Netflix highquality audio makes TV shows and films sounds better

first_img Comments High-quality audio not only delivers a higher bit rate but can adapt to the speed of your internet connection by increasing or decreasing that bit rate. Netflix video already does something similar. If you’ve ever been on a slower connection, you have probably seen video playback at a lower quality until there’s enough of a buffer for it to switch to a higher quality version. High-quality audio will do the same and move up and down in quality seamlessly as you watch a show.Currently high-quality audio is rolling out to TVs and connected boxes with support for 5.1 or Dolby Atmos. Devices with 5.1 will receive a bit rate of 192 to 640 kilobits per second. If you’re a Premium Netflix subscriber and have an Atmos device, playback will be between 448 and 768 kbps. Tags Netflix teases Stranger Things season 3 in new trailer Netflix I had a chance to experience the new high-quality audio listening to a sequence from Stranger Things. There were three versions: the original master, a low bit rate one (192 kbps) and a higher bit rate one (640 kbps). The low bit rate version sounded fine, but when compared to the original master it lacked subtle audio details and clarity. The high bit rate version, to my ears, was identical to the original master achieving a phenomena called “perceptually transparent” — don’t worry, I didn’t know what that meant at first either.Perceptually transparent — which, by the way, would be a great name for an improv group — means there are no perceived differences between a studio master and audio that has been compressed. For Netflix streaming that perceptually transparent sweet spot was 640 kbps.Netflix said that these bit rates might “evolve” over time as the company gets more efficient with its encoding. The best and wackiest high-end wireless speakers 22 Photoscenter_img If you plan to watch a show or film on Netflix Wednesday night, you might notice it sounds better. The streaming company has released a new feature called high-quality audio that makes sure what you hear is closer to what the artists behind your favorite show intended. Netflix’s improved audio came about because of the show Stranger Things’ second season.The first episode of Stranger Things season 2 starts off with a car chase. But when the Duffer brothers, the show’s creators, first heard it played back in a living room, they noticed that the sound wasn’t as crisp as the original master from the studio.”It didn’t sound quite as defined. A little bit mushy, you might say. Or like maybe there’s a napkin over it,” said Scott Kramer, manager of sound technology for Netflix. “Very subtle, but noticeable.”To address the issue, the show was streamed at a higher bit rate that sounded closer to the original studio master. This laid the groundwork for Netflix to create its new high-quality audio feature. TV and Movies Audio Now playing: Watch this: 2:50 Share your voice 24last_img read more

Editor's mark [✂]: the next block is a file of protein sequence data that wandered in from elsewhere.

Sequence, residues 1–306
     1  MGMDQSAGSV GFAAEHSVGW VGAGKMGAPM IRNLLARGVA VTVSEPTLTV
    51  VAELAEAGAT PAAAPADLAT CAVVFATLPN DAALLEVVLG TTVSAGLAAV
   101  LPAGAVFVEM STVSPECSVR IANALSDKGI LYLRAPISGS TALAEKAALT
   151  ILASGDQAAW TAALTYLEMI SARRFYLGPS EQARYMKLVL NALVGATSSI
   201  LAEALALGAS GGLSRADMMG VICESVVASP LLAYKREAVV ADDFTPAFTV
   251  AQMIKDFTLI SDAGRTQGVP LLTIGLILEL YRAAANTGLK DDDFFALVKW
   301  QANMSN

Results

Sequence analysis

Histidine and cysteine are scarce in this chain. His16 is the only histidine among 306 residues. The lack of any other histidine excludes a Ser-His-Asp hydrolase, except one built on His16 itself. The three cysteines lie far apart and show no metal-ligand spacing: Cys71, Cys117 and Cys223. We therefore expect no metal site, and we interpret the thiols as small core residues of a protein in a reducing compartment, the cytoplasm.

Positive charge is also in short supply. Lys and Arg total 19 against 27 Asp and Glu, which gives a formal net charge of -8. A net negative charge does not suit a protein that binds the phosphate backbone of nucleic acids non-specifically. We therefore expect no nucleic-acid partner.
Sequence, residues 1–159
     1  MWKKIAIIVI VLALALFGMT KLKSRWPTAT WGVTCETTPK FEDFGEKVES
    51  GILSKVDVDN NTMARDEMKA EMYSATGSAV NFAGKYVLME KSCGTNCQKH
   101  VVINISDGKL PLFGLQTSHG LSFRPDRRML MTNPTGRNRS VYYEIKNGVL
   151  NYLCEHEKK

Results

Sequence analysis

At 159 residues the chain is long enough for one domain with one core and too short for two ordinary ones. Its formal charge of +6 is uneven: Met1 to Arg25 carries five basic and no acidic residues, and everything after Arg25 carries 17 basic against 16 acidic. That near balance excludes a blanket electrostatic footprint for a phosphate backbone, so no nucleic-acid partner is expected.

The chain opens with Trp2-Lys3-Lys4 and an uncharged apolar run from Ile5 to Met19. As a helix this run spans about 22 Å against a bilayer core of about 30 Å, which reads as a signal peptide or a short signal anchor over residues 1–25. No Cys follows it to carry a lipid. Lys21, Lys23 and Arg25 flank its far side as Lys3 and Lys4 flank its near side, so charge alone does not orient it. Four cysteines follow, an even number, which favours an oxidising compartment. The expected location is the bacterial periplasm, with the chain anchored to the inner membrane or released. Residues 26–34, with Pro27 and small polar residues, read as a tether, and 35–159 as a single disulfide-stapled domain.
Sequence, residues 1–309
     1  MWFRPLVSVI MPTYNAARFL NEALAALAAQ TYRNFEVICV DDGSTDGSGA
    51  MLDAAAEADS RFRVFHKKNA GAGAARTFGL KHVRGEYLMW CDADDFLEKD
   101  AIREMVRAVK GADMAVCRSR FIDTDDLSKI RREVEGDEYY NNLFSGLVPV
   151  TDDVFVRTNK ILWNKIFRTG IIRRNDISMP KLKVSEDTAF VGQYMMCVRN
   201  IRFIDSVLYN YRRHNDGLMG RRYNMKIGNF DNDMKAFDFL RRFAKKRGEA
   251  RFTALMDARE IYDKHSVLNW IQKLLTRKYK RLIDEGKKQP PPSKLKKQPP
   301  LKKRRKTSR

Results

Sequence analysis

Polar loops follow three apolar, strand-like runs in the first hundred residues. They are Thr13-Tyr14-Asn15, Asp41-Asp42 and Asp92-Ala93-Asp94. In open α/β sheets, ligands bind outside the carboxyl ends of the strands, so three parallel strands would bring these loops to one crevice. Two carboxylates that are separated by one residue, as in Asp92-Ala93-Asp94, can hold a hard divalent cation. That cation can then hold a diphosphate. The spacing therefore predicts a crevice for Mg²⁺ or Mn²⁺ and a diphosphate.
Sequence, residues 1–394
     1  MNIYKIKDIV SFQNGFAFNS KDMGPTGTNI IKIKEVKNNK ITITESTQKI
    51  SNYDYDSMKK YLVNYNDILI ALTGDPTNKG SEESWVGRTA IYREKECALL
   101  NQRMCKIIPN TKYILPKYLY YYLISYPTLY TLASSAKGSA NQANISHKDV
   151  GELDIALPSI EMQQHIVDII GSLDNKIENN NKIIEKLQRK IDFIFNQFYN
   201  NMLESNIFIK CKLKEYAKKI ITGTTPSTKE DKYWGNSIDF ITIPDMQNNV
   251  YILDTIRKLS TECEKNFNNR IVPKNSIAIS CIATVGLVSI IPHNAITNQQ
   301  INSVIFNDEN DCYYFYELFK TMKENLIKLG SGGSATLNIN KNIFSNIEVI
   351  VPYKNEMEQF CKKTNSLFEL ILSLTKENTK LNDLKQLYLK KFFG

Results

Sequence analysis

How Texas Could Monitor Students Social Media Posts More Closely

first_img Share Listen AP Photo/Eric GaySanta Fe students takes part in a roundtable discussion in Austin, Texas, Thursday, May 24, 2018, hosted by Texas Gov. Gregg Abbott to address safety and security at Texas schools in the wake of the shooting at Santa Fe, Texas.Law enforcement plans to watch students’ social media more closely after the Santa Fe High School shooting, since Governor Greg Abbott wants to use technology to find threats online as part of his school safety plan. X 00:00 /00:52center_img In his plan released last week, Abbott wants people to use a new state developed app, called iWatch. It will be launched this month by the Texas Department of Public Safety. It lets people report suspicious behavior and then alerts law enforcement.However, some schools already monitor what students say on social media. The Spring Independent School District uses a program called Social Sentinel and Katy ISD recently decided to it as well.The technology scans for threatening words online and sends alerts to district officials. Spring’s spokeswoman Karen Garrison said in an email that the district also plans to use funds from its recent $330 million bond package to upgrade its surveillance camera system.But David McGeary with the Harris County Department of Education told News 88.7 an old fashioned approach could be more effective in “curbing behaviors that can lead to violent outbursts or that can lead to critical events.”And those, he said, are still largely face-to-face rather than social, so building positive relationships inside of the school could mitigate risk more than anonymous reporting apps or social media scanning.“To look at it as sort of  a panacea to school violence, or bullying or students at risk of suicide is kind of short-sighted. I think you do have to sort of take this multi-paneled approach to mitigating risk, but that starts with relationships in the schools and you build technology to layer on top of everything else,” McGeary said.That’s why many students and educators want to see more counselors in schools, something that Texas law doesn’t require. To embed this piece of audio in your site, please use this code: last_img read more